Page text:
REGINA — It was a nail-biting game where the only touchdown on the night — scored by Winnipeg — ended up being the margin of victory. Which is why the Saskatchewan Roughriders will be lamenting the one that got away Sunday night for a long, long time.
We take you back to late in the fourth quarter of the West Final, with the Bombers clinging to a 20-13 lead and just over four minutes left in the game. Winnipeg's offensive drive stalled at midfield, and Justin Medlock was brought out to punt, no doubt hoping to pin the Roughriders deep in their own end.
His kick sailed high and to the right — exactly as he would have told his team in the huddle. But there was just one problem — pretty much every defender on the field veered left, where Saskatchewan returner Marcus Thigpen was putting on an Academy-award winning performance, acting as if the ball was coming his way.
The end result was a 58-yard return by a wide-open Nick Marshall, putting Saskatchewan in prime scoring position. And he likely would have returned it to the house if not for linebacker Shayne Gauthier, who managed to catch what was going on, change course at the last second and catch up to Marshall at Winnipeg's 37-yard line.
"Shayne Gauthier's a hell of a man," coach Mike O'Shea said following the game. "You wan to talk about any particular play in this game? Talk about No. 44, Shayne Gauthier, running down a returner who's got a lead on him and securing a tackle and preventing a score. That's as big a play as you'll ever see."
The trickery was familiar to the Bombers and their fans — Winnipeg pulled off an identical feat two years ago in the Banjo Bowl against Saskatchewan, with Maurice Leggett returning a kick 97 yards for a touchdown while teammate Kevin Fogg duped all of the Roughriders on the field into thinking the kick was coming his way.
Turnabout is, indeed, fair play.
"From our side, we would say we made some grave mistakes that we need to clean up. We're not a real young punt team, we've got some smart guys and we didn't do our job. But Shayne Gauthier, I mean, that's as big a play as you'll see in that game." — Bomber coach Mike O'Shea.
"That was a great play on their part. From our side, we would say we made some grave mistakes that we need to clean up. We're not a real young punt team, we've got some smart guys and we didn't do our job. But Shayne Gauthier, I mean, that's as big a play as you'll see in that game," said O'Shea.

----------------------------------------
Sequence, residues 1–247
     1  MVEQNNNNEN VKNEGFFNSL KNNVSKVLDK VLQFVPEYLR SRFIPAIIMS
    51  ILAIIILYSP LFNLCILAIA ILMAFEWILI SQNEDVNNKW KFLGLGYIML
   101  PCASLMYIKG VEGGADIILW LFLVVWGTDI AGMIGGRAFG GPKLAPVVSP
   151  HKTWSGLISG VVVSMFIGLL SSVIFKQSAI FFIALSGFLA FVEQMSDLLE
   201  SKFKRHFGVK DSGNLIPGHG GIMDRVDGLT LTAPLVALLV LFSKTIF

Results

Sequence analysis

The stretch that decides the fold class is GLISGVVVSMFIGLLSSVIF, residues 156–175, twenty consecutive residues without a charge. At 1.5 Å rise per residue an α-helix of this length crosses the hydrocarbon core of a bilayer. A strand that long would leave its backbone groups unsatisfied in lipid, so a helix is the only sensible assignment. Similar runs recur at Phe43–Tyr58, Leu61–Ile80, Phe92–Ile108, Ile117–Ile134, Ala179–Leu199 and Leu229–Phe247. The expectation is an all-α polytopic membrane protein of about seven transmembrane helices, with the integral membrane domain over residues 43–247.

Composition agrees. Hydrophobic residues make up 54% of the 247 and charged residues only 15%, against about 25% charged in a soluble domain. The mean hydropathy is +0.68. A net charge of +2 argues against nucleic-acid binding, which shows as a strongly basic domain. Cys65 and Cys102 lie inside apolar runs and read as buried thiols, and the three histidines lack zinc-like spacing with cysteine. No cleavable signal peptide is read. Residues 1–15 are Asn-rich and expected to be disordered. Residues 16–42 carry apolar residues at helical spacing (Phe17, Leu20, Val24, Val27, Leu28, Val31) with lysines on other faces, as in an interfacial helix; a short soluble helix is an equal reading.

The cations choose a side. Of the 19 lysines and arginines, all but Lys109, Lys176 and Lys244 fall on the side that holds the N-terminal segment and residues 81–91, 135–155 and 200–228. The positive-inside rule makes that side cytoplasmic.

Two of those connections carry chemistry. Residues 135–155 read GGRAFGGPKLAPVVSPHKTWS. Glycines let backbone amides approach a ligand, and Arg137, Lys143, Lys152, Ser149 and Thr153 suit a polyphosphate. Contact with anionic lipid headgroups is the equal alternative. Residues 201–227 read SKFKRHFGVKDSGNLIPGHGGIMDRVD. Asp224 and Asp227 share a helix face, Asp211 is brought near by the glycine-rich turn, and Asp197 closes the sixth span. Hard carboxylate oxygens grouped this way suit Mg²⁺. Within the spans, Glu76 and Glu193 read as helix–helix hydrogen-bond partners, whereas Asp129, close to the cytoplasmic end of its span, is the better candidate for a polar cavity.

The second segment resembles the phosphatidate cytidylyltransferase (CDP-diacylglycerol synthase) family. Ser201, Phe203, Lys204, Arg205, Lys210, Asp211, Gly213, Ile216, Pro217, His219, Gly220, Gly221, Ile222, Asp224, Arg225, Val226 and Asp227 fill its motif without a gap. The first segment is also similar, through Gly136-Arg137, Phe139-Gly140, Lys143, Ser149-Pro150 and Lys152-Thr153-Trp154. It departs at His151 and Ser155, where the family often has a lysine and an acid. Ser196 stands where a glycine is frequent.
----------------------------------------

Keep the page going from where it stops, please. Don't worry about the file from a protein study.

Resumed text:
Bombers special teams player Mike Miler was on the field at the time and among those who got duped.
"Everybody kind of vacated that way once they got out of protection. We knew they only had one returner in so I saw the returner go that way and I just fell for it big time. He did a good job selling it but we’ve got to do a better job realizing it," said Miller.
"I can speak for myself and I got locked in on the returner. And when I saw the returner vacate that way, knowing they only had one returner in, I sold going that way assuming that’s where the ball was going. I should have trusted that Meddy was going to put it to the right and just go there. It’s definitely on me, for sure, for not recognizing it. I’ll tell you I’ll take that. I was just glad our defence was able to pull it out for us."
Saskatchewan coach Craig Dickenson singled out Gauthier for praise, saying it may have ultimately been a game-saver for the Bombers.
"You saw on that big punt return, 44 comes from 30 yards away and is able to tackle Marshall. If he doesn't make that play, that's a touchdown," said Dickenson
Saskatchewan used the Marshall return to drive the ball to Winnipeg's one-yard line, but they couldn't punch it across the line. Dickenson said that entire sequence summarizes what this Winnipeg squad is all about.
"I think Winnipeg is very opportunistic. They are very good at situational football. They’re well coached, and seem to do just enough to win. And I think they’ve got a good veteran group," he said. "They just got a lot of grit and a lot of guys that have been there long enough that they know the system. They play extremely hard and seem to make just enough plays to win."
Mike McIntyre grew up wanting to be a professional wrestler. But when that dream fizzled, he put all his brawn into becoming a professional writer.